Now, as I did mention earlier, like I said, I’m kind of a realistic optimist, and the way I approach this is I prepare, I overly prepare as much as I can. In fact, one of the reasons why I constantly try out new versions of whether it’s a Windows server operating system or a SQL Server version because I want to be ready in case I get called in to solve an outage or fix an availability issue for again, either a FCI or an AG, and here’s the thing though. Preparation is key, and I remembered a time – and you might be wondering what the heck this picture is all about, so [Diero] was saying yes, yes, and yes, unfortunately, yes, yes, and yes. This picture is one that I took when I went to SQLBits in the UK. Kind of crazy, it was my first time to drive on the other side of the road, and I felt like, no big deal, I’ve been driving ever since I was 16 years old, I know how to drive standard or stick shift, no big deal. But then again, you drive on the other side of the road and you feel like you’re a newbie driver. So the way I dealt with this was to really prepare mentally, physically, psychologically even, because I don’t know if the signs were the same, and whether or not how I would respond if I see a car on the other side of the road, and again, the real key here is preparation. And this is what this session is all about, is getting you ready because when that time comes, when – it’s the correct side of the road, as James was saying – when that time comes, when you are brought in to bring an FCI or a AG online, there is only one goal, right? And that goal is to bring it online as quickly as you possibly can.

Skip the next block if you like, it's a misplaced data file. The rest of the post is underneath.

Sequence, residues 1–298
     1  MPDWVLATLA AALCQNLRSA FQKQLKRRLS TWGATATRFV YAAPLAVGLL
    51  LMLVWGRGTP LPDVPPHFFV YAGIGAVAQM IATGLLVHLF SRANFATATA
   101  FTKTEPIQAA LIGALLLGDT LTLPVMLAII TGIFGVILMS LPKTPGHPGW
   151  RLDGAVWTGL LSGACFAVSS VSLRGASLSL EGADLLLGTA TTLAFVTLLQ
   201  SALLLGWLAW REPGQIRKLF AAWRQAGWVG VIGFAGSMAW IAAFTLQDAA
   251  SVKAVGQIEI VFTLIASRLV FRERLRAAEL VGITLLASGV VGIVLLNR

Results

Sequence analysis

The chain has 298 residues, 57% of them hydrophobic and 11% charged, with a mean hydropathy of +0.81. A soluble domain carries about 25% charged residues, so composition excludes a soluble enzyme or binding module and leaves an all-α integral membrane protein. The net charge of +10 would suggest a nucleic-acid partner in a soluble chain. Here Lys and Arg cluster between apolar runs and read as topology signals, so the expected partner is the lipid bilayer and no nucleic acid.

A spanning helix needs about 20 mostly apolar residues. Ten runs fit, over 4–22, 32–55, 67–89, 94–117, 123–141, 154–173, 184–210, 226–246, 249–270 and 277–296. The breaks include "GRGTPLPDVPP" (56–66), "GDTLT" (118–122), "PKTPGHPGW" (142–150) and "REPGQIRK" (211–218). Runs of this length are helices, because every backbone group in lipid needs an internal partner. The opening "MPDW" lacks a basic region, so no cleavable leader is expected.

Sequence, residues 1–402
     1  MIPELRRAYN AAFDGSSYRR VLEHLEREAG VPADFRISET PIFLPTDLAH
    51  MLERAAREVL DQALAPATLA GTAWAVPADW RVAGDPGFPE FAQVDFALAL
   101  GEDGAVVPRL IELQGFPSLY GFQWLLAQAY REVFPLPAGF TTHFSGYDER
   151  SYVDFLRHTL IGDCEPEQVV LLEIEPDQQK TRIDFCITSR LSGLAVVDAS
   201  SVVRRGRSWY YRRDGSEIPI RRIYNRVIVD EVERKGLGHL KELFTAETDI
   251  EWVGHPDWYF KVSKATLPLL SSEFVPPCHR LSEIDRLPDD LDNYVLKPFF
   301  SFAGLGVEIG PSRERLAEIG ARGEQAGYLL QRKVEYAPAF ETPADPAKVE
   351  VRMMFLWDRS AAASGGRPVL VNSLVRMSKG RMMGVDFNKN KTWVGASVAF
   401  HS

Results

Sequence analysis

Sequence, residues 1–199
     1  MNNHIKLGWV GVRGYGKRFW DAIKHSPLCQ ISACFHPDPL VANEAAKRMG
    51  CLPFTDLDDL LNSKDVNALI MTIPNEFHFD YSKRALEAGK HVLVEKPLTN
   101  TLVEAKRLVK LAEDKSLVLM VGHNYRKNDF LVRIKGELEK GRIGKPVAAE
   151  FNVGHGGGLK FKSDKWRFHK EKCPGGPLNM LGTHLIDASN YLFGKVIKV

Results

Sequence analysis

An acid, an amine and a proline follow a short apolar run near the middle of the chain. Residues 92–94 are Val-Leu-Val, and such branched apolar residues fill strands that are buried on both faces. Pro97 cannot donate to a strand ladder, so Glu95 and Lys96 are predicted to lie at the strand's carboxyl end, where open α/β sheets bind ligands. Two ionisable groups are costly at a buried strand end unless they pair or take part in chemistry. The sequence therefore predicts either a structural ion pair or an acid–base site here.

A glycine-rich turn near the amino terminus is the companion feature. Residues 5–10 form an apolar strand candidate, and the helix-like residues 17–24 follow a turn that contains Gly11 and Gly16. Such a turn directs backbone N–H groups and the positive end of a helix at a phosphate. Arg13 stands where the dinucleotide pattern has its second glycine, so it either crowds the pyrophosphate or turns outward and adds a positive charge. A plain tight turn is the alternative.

Let me throw that out there as early as now. The main goal whenever you’re called in or you’re a DBA that got called in at three o clock in the morning, or you’re a consultant who got that phone call, and a potential customer or even an existing customer wants you to bring their FCI or AG online, focus on the goal, and that is to bring it online as quickly as you possibly can. And I kind of like to highlight the fact that there’s a reason why you’re running on top of a failover cluster, right? Because you want high availability, and every second that that database is offline, every second that FCI or AG is offline is technically pushing your service level agreement and recovery objectives out of the window. So again, we want to focus on the main goal. And in order for us to really understand this thing and you know, I recently just came back from a customer engagement, and we did some sort of a whiteboarding session and a design conversation around their failover cluster, and the way I approach this and the way I explain this is failover clustering is really complex. Very complex, very confusing to a point where when you know, a DBA or a systems admin would go and fix something on failover cluster, they get really confused sometimes just being you know, like a deer in a headlight where you’re frozen trying to think of what to do. And I wanted to simplify these concepts because understanding how failover clustering works, because understand that this is the foundation. Think of a building. Failover clustered instances; FCIs or AGs will run on top of a failover cluster. So we need to make sure that you understand the foundation, you need to make sure that you lay the groundwork and have a solid, reliable, highly available foundation, which is a failover cluster to Windows server failover cluster. And in order for us to do that, we need to understand how it works. So let’s understand a failover cluster in the context of a SQL Server workload. But you know, a little bit of a secret there, if you understand how failover clustering works, you could deal with Microsoft exchange, Hyper-V, a clustered file share, any workload runs on top of a Windows server failover cluster you can manage if you understand these concepts. And I like to use a simple analogy. The traffic light analogy. Now, of course, I did mention that I tried driving in the UK, on the right side, and I know somebody mentioned it is the right side of the road, and if you’ve been driving for quite a while, you know what a traffic light symbol stands for. And I am going to use these symbols, there are three symbols in a traffic light and there are three meanings, and I will use these to correlate how a Windows server failover cluster works. The red light, if you’re driving, you know for a fact that if you see a red light you got to stop. In the world of a Windows server failover cluster, this means a service is stopped. Now, keep in mind a failover cluster’s goal is to provide high availability. So when you think about a two node, a three, or four node cluster, the one node that is currently running the service suddenly becomes unavailable. Maybe it’s a power failure, a hardware failure, blue screen, whatever. The cluster will immediately stop the service from running on that node. So that’s the first part.